Should have been done a whole lot sooner but on balance I've generally been building, and if you're building websites you're not building flying machines...
Monday, September 28, 2020
Wednesday, September 23, 2020
Well the next time I see this it should be in flying condition, although it's likely to be flying a dummy in the first instance as the motors are unlikely to support my own bulk except possibly within ground-effect. Nonetheless if and when it flies we shall be able to see whether it's a going concern... literally.
Monday, September 21, 2020
Come four o'clock and with a final sweep of the workshop, air vehicle and trailer are set to be transported elsewhere for soldering up and programming prior to flight-testing, and all in the teeth of a second wave of Covid-19 infections with whatever restrictions might follow.
It has been a little over three and a half months since the previous prototype was driven south ( http://teledrone.blogspot.com/2020/06/ex-works.html ) and though those plans went awry, we are in an altogether better position now regards both prototype and personnel.
Every step of the way from hereon in has to be designed for the rough-and-tumble of both road and air, and this applies to the logistics as is clear from the trailer. I would like to say the trailer was designed around the prototype, but if anything the latter has benefitted from having to fit the former.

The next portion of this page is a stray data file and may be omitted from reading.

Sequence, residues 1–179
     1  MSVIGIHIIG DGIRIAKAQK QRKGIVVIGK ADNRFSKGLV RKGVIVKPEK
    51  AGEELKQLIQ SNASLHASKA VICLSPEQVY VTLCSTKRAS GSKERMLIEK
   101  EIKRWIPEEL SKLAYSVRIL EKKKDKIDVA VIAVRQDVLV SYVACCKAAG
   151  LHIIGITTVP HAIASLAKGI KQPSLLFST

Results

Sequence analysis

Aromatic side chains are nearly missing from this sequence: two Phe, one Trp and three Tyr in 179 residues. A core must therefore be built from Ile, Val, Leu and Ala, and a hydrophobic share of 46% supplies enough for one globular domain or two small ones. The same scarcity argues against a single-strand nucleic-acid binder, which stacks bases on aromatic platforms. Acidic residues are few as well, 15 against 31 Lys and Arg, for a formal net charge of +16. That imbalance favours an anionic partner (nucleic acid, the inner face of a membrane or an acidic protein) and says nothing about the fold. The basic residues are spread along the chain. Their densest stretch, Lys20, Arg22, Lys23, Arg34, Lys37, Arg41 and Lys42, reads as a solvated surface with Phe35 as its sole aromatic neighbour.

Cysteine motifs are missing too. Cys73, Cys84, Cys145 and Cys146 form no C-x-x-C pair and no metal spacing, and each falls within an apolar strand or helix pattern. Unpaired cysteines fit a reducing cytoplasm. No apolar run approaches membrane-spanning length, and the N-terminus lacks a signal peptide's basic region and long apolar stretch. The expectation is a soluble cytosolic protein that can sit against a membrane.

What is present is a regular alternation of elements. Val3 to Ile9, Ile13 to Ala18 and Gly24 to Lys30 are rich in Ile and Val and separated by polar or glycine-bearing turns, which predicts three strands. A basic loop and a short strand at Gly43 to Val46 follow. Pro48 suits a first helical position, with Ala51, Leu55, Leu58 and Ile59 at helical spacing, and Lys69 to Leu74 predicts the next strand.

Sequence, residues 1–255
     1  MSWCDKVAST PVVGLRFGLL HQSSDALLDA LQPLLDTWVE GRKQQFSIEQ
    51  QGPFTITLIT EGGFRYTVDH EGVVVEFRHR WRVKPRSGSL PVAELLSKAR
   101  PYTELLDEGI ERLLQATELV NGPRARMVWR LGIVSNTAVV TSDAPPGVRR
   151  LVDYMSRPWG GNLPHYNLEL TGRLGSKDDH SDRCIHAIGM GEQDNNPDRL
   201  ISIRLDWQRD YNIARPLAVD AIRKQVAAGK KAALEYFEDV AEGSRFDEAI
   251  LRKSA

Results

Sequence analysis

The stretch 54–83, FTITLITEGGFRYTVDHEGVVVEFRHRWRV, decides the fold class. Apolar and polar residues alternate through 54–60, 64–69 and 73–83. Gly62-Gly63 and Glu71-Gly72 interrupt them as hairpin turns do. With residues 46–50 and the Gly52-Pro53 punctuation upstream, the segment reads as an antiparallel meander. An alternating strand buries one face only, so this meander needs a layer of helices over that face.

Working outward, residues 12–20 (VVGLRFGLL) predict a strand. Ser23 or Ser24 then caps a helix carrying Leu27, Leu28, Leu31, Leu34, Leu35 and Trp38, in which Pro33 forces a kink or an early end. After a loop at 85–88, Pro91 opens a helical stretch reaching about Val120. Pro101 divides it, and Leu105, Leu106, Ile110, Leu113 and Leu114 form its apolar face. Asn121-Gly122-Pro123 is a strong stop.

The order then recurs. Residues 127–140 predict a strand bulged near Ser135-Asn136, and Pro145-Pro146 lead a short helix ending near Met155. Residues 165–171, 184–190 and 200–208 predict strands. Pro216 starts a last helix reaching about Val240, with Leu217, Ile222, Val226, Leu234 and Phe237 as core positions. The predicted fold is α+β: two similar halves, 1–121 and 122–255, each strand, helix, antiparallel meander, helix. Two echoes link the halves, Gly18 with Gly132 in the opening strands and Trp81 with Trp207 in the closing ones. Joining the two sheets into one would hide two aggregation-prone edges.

This is not as strange as you might think. The much-delayed Bristol Britannia was drafted with seating for three-dozen passengers, because launch-customer BOAC felt it sat better with their existing fleet of buses back in the day when you were driven out to the aircraft. The buses sat three-dozen, which thus became the key specification.
It's what happens when you eliminate commercial probity from the equation, and one among a number of reasons why the golden age of UK aviation in the 1950s was turned gradually to lead.
Saturday, September 19, 2020
Shot of the bottom-end prior to conjoining with the fuselage and top-end. This conjunction will take the form of a permanent fix, though going forward each drone will be a plug-in assembly to fix to a separate passenger booth. As each drone will be wholly independent, the day will come when parts like this are programmed to fly to the customer in a means of re-supply that needs no van.
Thursday, September 17, 2020